Healthcare executives drove home the need to adopt new ways of working to protect themselves against cyber-threats during the first day of EHI Live 2017.

Speaking at the event, Charles Gutteridge, chief clinical information officer (CCIO) of Barts Health NHS Trust and Matthew Connor, head of IT at Southport and Ormskirk NHS Trust, shared their experiences of the WannaCry ransomware outbreak which caused widespread disruption to England’s health services in May.

Both trusts fell victim to the attack, which affected some 200,000 IT systems world-wide including more than a third of England’s NHS trusts.

Gutteridge took to the stand at the exhibition at Birmingham’s NEC to discuss the need to bridge the gap between technical and clinical working methods and develop “a single system of healthcare delivery” that was safer and more efficient than current models.

He also suggested there needed to be more direct contact between healthcare boards and vendors to improve education around new technologies and the improvements they can deliver.

“The NHS as customers still have a lot to learn about developing partnerships with vendors, where both sides can benefit around the strategic delivery or hardware and software”, Gutteridge said.

“I think we’re still in a twilight world about what we can do about delivering our infrastructure plans. We’re still waiting on what the plans are for releasing extra resources. This is a very significant issue for us”.

For many in the NHS, WannaCry was the catalyst that drove home just how desperately the healthcare industry needed to modernise and align its attitudes towards new technologies with those of other industries.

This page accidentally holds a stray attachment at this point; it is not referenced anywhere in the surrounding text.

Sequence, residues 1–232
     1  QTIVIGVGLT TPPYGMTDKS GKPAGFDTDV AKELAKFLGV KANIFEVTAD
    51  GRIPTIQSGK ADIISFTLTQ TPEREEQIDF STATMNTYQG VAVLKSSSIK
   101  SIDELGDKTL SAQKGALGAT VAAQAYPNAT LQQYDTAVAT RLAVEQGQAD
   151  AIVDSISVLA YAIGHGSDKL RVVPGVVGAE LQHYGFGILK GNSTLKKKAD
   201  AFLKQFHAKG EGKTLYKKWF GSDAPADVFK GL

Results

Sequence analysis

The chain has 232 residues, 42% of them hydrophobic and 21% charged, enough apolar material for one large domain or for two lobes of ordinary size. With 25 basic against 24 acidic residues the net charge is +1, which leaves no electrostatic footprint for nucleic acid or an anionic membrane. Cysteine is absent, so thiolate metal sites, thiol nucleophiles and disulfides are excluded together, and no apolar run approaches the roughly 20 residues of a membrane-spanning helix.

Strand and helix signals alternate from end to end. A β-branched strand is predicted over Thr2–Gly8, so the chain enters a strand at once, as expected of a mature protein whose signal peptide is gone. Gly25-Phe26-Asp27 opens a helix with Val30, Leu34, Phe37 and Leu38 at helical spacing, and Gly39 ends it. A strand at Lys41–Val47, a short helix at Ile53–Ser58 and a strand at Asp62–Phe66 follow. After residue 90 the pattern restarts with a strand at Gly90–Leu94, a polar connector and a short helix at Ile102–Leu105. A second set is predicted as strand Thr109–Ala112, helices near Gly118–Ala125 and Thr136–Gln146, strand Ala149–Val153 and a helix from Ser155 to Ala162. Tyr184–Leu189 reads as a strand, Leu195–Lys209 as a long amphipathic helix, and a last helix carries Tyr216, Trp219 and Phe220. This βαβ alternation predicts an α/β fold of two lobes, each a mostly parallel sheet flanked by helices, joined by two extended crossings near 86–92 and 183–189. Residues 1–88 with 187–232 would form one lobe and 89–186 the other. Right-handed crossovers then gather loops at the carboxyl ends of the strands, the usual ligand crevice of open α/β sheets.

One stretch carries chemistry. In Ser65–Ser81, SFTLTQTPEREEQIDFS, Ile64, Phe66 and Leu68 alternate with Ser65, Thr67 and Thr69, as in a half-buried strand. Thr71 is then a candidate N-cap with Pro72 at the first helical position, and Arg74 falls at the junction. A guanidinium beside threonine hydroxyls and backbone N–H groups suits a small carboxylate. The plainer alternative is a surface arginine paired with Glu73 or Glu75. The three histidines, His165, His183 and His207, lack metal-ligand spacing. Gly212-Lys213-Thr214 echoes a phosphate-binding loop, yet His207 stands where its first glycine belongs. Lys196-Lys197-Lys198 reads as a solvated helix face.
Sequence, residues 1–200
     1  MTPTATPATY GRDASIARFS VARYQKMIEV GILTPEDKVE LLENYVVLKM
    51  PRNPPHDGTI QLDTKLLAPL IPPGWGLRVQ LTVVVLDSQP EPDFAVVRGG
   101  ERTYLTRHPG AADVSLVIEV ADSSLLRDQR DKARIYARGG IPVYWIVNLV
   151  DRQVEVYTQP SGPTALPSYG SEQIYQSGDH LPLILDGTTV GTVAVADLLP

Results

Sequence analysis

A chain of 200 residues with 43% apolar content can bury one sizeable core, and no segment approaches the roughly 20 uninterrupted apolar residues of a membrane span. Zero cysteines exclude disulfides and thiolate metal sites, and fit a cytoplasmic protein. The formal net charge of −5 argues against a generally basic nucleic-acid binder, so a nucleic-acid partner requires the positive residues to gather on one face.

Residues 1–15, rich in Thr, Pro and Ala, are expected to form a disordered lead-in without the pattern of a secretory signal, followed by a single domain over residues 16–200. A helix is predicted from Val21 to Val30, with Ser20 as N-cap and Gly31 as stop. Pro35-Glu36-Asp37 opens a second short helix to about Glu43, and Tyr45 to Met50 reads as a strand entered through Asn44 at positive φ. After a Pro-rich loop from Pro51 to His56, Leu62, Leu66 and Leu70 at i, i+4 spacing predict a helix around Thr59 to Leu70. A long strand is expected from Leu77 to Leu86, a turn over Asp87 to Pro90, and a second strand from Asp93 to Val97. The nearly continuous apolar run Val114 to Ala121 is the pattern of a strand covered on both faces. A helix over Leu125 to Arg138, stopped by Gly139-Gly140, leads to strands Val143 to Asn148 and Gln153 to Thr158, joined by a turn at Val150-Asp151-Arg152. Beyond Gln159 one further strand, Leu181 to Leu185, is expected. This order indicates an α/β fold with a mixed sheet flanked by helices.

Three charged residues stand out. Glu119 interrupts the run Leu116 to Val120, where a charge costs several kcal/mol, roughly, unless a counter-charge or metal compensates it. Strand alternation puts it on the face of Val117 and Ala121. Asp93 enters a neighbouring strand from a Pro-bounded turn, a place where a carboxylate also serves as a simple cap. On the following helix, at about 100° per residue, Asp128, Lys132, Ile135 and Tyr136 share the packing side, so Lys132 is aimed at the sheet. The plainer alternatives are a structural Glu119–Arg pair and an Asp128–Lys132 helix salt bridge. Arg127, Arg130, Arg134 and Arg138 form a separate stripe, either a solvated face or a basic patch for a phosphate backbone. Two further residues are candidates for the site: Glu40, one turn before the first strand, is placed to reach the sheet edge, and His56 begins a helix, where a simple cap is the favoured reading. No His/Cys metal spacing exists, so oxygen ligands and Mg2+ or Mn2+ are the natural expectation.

Yet despite the need for seismic cultural changes, Gutteridge suggested that the WannaCry outbreak had had the opposite effect at Barts Health NHS Trust. “Every time we have one of these events, the trust’s confidence in healthcare IT wanes, and it takes a lot of time to recover,” he said.

The CCIO added that the cyber-attack had shaken clinicians’ confidence in electronic health records (EHR). “Big hairy groups of clinicians said :‘I am never going to use an EHR again, it’s too unsafe’…when you introduce an EHR into a trust, most clinicians think all patients will die if it all gets virtualised. We have a new culture where people are both dependent and secret enthusiasts of the system, but the tension remains.”

Gutteridge offered that front-line staff could be key to driving the much-needed cultural changes within the NHS, and help identify exactly where improvements can be made to increase resilience to cyber-threats.

“We’ve learnt a lot about listening to front line staff, particularly junior doctors, about what does and what does not work. It’s surprising how inventive young doctors and nurses are. Sometimes the ideas are great and sometimes terrible, but dealing with that….is a really important part of it.”

But unless these voices are heard and actioned upon at board-level, that road to revolution could be a long one. “Convincing boards to take a risk in investing in IT and getting a return three-and-a-half years later down the road is a skill we have to work on, on both sides”, said Gutteridge.

“Without that understanding of how you can transform care and make it safer and more efficient, we’re not going to make them change.”

Meanwhile, Southport and Ormskirk NHS Trust’s head of IT said that healthcare organisations needed to confront the ‘it didn’t happen to us’ mentality and instead be proactive about building resilience, including seizing the opportunity to get involved with cybersecurity training programmes.

“At some point we will be asked to dig deep and assess the impact and decision-making guidelines,” he added. “It’s not an option not to invest. We need to address the culture”.